There are only nineteen years since 1798 when the U.S. did not have armed forces engaged in military operations abroad, according to an updated tally from the Congressional Research Service. See Instances of Use of United States Armed Forces Abroad, 1798-2019, updated July 17, 2019.
The most recent year in which U.S. military forces were not used in a foreign conflict was 1979, according to the CRS. The CRS account does not reflect covert action, disaster relief, or training activities involving U.S. forces abroad.
Though there have only been 11 formal declarations of war, there have been hundreds of military actions including “extended military engagements that might be considered undeclared wars.”
“These cases vary greatly in size of operation, legal authorization, and significance,” CRS said. “Some actions were of short duration, and some lasted a number of years. In some examples, a military officer acted without authorization; some actions were conducted solely under the President’s powers as Chief Executive or Commander in Chief; other instances were authorized by Congress in some fashion.”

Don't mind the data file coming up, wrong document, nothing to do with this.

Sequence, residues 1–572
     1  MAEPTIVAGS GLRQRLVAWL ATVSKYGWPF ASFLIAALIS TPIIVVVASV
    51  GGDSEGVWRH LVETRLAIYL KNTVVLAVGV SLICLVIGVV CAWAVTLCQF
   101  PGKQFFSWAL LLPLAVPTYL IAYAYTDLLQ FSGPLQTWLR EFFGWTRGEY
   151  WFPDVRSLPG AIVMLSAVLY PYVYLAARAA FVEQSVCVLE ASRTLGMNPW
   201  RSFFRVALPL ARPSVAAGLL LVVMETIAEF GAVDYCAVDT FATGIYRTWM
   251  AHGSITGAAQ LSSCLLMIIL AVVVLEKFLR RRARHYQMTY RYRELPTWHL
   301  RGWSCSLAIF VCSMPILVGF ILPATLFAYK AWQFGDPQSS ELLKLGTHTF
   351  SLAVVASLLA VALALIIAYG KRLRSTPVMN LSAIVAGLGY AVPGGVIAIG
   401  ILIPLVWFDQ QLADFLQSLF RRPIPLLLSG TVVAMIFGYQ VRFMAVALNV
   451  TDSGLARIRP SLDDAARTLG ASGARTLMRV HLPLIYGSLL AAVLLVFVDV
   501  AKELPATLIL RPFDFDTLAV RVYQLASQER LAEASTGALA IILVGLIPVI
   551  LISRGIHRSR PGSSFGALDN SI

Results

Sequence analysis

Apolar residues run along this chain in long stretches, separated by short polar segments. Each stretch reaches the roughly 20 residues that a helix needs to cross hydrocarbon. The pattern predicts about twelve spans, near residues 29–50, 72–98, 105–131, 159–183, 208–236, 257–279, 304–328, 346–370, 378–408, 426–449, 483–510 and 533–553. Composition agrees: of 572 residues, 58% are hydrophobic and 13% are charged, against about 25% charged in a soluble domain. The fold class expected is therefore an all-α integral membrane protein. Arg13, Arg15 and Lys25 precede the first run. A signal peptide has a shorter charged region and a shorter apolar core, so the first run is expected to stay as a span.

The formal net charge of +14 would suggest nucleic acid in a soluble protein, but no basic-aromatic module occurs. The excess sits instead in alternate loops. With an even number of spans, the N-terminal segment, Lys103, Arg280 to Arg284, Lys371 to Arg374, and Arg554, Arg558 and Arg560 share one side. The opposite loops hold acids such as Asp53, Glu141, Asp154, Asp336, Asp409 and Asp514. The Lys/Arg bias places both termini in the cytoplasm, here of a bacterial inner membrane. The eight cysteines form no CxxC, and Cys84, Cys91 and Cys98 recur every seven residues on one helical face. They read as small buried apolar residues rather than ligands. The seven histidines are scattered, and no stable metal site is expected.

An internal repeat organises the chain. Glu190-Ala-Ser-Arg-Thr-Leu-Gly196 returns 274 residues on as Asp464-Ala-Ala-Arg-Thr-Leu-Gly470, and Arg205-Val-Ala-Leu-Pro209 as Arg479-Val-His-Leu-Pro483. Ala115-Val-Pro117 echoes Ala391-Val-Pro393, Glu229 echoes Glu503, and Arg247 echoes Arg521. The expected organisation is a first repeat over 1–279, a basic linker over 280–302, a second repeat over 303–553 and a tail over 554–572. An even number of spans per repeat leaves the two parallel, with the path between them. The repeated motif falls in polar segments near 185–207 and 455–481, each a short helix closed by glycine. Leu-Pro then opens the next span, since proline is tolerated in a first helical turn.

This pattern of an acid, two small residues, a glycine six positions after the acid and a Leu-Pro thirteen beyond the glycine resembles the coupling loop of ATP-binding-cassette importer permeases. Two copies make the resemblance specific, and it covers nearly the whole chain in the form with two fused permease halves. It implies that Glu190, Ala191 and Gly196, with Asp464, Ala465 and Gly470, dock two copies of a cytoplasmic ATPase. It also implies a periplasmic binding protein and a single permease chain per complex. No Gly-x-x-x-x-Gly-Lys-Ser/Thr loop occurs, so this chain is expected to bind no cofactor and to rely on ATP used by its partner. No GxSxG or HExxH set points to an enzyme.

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Other noteworthy new publications from the Congressional Research Service include the following.
DOD’s Cloud Strategy and the JEDI Cloud Procurement, CRS In Focus, updated July 16, 2019
U.S. Strategy for Engagement in Central America: An Overview, CRS In Focus, updated July 17, 2019
Immigration: Alternatives to Detention (ATD) Programs, July 8, 2019
Hypersonic Weapons: Background and Issues for Congress, July 11, 2019